ito::RetVal RequestStatusAndPosition(bool sendActPosition, bool sendTargetPos);

        //ito::RetVal requestStatusAndPosition(bool sendCurrentPos, bool sendTargetPos); //!see notes above

    private slots:
        void dockWidgetVisibilityChanged( bool visible ); /*!< this slot is invoked if the visibility of the dock widget has changed */

The corresponding source file should start with something like this:


#include "yourHeaderFile.h"

//implement your code here Signalling the current position and status of any axes

Each actuator has the possibility to signalize the target position, the current position and the current status of each axis. Then its own toolbox or other widgets or slots (general: listeners) can be connected to the corresponding signals in order to be informed about the current activity. The base class ito::AddInActuator provides the necessary structures for this:

1. The vector m_currentPos must be initialized to a length corresponding to the number of axes and contains the current position of every axis using the units stated below. Whenever the actuator registers a change of any current position, the corresponding value should be changed as well. Listeners are finally informed about this change by calling the method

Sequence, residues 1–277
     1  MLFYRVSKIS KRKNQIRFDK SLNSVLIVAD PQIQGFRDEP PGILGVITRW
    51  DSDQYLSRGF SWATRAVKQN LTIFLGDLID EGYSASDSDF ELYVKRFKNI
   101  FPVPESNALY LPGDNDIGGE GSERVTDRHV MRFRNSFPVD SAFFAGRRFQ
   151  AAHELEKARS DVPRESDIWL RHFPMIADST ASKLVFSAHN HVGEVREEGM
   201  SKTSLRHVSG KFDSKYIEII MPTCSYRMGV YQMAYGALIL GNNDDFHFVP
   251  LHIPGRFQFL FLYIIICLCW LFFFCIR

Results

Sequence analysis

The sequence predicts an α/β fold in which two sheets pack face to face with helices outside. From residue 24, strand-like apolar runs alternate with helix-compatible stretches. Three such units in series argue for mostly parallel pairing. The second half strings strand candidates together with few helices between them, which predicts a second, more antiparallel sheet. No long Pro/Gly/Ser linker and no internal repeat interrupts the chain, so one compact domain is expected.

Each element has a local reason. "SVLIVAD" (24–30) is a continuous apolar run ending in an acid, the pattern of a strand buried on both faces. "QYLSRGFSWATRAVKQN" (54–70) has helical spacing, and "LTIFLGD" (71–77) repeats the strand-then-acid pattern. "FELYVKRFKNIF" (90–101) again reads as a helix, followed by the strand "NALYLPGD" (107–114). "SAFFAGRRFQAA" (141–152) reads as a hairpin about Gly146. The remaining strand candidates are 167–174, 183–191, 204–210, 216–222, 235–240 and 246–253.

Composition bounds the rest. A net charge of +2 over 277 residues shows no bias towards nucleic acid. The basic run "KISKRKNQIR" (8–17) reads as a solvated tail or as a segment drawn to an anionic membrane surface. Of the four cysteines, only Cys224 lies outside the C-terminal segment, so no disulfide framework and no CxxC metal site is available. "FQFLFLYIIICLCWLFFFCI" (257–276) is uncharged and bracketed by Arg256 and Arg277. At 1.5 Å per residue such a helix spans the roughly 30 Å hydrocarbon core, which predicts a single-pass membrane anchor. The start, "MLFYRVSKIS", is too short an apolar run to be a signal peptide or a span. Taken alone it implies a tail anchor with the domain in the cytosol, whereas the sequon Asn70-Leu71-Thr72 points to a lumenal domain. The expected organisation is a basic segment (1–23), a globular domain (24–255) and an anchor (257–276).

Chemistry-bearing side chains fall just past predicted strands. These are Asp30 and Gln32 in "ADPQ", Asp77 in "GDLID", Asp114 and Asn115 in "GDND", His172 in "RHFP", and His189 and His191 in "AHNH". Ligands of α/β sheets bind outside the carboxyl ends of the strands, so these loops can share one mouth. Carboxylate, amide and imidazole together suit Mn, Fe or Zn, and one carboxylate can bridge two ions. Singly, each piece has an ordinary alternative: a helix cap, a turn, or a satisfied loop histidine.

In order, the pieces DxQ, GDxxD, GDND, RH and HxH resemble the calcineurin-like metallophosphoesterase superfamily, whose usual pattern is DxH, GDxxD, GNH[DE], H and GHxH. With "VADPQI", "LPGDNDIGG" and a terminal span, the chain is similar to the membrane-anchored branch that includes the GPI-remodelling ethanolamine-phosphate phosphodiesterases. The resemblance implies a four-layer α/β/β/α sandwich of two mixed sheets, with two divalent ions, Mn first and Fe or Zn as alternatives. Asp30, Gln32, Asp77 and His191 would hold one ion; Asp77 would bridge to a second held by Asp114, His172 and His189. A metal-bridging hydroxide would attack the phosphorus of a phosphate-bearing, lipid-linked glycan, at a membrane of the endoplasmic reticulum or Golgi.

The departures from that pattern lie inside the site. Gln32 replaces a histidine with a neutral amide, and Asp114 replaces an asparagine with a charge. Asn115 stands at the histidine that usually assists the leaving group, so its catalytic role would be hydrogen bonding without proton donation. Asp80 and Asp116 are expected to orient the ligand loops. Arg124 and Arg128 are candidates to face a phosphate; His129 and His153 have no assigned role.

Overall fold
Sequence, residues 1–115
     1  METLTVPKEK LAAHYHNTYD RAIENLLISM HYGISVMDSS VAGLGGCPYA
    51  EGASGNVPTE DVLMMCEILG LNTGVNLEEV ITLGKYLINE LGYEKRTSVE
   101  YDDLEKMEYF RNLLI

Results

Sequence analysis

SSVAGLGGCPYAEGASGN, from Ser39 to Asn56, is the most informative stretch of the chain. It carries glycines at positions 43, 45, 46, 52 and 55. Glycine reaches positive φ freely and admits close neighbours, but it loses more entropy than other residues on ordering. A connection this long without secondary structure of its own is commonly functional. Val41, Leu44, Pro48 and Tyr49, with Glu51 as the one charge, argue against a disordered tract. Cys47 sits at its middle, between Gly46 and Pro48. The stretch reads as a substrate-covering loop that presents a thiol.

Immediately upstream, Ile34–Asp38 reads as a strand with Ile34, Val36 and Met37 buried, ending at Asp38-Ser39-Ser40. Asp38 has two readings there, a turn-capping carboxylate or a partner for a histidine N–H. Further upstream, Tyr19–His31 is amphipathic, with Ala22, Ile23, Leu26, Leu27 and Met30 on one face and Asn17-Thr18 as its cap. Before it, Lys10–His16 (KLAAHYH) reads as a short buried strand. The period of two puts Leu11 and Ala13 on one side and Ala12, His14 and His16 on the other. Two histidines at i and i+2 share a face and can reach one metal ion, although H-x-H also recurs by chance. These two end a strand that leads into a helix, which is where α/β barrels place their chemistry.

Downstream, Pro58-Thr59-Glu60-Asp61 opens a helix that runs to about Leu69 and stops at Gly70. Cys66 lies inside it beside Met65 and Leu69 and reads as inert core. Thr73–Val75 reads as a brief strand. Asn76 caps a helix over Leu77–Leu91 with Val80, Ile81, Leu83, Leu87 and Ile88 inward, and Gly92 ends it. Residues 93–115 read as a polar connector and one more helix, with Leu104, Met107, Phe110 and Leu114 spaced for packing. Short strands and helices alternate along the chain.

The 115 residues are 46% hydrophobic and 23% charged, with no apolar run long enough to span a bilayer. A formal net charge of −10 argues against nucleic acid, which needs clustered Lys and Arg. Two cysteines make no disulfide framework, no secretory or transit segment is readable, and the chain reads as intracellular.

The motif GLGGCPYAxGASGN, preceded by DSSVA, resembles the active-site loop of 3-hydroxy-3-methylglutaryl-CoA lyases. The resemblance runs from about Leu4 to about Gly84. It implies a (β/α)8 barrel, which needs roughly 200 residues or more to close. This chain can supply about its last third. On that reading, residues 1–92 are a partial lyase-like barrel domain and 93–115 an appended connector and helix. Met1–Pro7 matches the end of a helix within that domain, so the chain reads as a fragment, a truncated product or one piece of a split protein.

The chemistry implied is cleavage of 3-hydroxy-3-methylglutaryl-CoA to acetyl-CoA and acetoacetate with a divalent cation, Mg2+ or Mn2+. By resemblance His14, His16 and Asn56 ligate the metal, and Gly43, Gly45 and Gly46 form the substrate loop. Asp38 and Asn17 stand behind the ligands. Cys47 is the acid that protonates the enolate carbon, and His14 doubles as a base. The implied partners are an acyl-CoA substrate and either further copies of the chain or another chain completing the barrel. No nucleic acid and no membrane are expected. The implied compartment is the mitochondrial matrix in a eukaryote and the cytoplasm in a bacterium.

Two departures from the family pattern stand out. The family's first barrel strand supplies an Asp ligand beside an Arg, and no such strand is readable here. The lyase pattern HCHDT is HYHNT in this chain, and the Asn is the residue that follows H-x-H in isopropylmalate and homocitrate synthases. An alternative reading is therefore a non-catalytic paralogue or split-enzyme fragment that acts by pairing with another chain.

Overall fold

The argument false means that not only a change of the current status happened, but also a change of any current position. This method internally emits the signal actuatorStatusChanged.

  1. The vector m_targetPos must also be initialized to a length corresponding to the number of axes. Whenever a positioning operation starts, set the target value of specific axes to the new target value and call


    that finally emits the signal targetChanged.

  2. The status of every axis is stored in the vector m_currentStatus. Each item in this vector with a length corresponding to the number of axes, contains an OR combination of the enumeration ito::tActuatorStatus. Whenever the status of any axis changes, change its status value, too and use sendStatusUpdate(true/false) in order to also emit the signal actuatorStatusChanged.

The enumeration ito::tActuatorStatus contains the following values that are grouped by specific mask values:

The moving flags contain flags about the current moving status of any axis (bits containing to this group are contained in the mask ito::actMovingMask):

  • ito::actuatorUnknown: The current status of this axis is unknown

  • ito::actuatorInterrupted: The movement of this axis has been interrupted and no further commands followed

  • ito::actuatorMoving: The axis is currently moving (or is supposed to move)

  • ito::actuatorAtTarget: The axis reached its target position (this is the default value)

  • ito::actuatorTimeout: A timeout occurred during the movement of this axis

The status flags inform about the general status of any axis (bits containing to this group are set in the mask ito::actStatusMask):